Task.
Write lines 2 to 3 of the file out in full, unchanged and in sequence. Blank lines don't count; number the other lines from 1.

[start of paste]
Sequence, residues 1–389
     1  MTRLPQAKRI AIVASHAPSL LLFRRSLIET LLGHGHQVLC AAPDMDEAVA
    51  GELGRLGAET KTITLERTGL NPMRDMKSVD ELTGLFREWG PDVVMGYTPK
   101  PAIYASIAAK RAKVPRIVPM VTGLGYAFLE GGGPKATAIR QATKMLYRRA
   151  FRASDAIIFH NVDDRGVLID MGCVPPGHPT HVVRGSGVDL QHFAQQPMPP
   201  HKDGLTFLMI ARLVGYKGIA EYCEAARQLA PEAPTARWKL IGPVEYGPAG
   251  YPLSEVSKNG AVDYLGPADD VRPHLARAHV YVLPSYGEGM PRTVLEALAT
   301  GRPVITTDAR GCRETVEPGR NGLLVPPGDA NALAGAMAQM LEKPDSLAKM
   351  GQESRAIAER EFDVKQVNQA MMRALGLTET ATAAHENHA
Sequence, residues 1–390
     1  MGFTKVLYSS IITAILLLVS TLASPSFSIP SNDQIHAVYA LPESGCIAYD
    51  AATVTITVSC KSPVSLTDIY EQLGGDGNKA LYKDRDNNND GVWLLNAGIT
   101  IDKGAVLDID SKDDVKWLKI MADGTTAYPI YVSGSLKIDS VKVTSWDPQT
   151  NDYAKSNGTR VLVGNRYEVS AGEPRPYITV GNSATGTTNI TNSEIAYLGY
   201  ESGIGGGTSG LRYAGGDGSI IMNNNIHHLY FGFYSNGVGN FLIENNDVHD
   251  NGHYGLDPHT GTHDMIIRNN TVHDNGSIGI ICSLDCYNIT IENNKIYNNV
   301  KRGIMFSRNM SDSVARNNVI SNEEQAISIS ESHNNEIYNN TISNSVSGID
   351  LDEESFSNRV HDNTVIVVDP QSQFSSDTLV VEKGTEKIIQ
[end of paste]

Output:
     1  MTRLPQAKRI AIVASHAPSL LLFRRSLIET LLGHGHQVLC AAPDMDEAVA
    51  GELGRLGAET KTITLERTGL NPMRDMKSVD ELTGLFREWG PDVVMGYTPK